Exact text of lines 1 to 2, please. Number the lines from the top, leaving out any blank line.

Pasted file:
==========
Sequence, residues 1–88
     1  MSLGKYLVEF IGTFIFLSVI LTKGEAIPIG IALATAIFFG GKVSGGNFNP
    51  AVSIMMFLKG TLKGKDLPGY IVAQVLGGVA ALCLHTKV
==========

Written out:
Sequence, residues 1–88
     1  MSLGKYLVEF IGTFIFLSVI LTKGEAIPIG IALATAIFFG GKVSGGNFNP